Low mass stars and high mass stars share similarities and differences. One of the similarities is they both start the same way, with a huge collection of gases, primarily hydrogen and helium. Another similarity would be the way they generate their energy, through a process known as nuclear fusion. Under extreme pressure and high temperature, two hydrogen nuclei fuse together to form a helium nucleus. Energy is released in this process. Over the small star's lifetime, the core shrinks as the hydrogen is converted to helium, while the outer envelope of gases expand into what is known as a red giant. Small stars rotate, sometimes very quickly, producing solar eruptions of x-rays.The core continues to get hotter, converting helium nuclei to carbon, the end product. Temperatures may get as high as 100 million degrees Kelvin in this process. Eventually, the remaining gases are ejected from the core, due to low gravity, resulting in a circular effect known as a planetary nebula. The carbon core cools, first into a white dwarf, then a black dwarf. The material from a white dwarf is extremely dense, a small amount (teaspoon) brought back to earth would weigh tons.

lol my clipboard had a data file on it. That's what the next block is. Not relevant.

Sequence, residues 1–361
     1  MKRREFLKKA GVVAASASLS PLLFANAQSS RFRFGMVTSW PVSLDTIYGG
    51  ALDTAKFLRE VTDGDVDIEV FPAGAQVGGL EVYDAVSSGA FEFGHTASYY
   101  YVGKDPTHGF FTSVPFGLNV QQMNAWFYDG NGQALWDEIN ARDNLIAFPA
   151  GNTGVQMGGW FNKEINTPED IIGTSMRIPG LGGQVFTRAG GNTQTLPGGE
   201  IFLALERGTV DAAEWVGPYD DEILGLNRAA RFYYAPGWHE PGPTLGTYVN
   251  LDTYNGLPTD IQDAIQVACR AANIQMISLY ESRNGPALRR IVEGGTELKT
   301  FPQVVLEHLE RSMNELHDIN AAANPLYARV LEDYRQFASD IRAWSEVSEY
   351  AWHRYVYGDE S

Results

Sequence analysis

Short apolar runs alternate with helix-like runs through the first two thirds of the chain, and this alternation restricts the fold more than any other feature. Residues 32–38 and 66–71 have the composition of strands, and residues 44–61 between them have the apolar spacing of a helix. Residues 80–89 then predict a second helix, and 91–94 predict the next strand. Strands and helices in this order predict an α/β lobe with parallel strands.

The differences between the small mass star and high mass star are not as numerous as the similarities. The primary difference is the amount of time it takes for the nuclear fusion to occur. The above described nuclear fusion process happens at a much faster progression, resulting in higher temperatures, pressure, and conversion to other elemental products, such as carbon, then nitrogen, then oxygen. Ultimately, the oxygen gets converted to silicon, then silicon to iron, the terminal star element. There is also enough gravity to hold the outer gas layers in to the star's core, so it is not ejected as it is in a small mass star.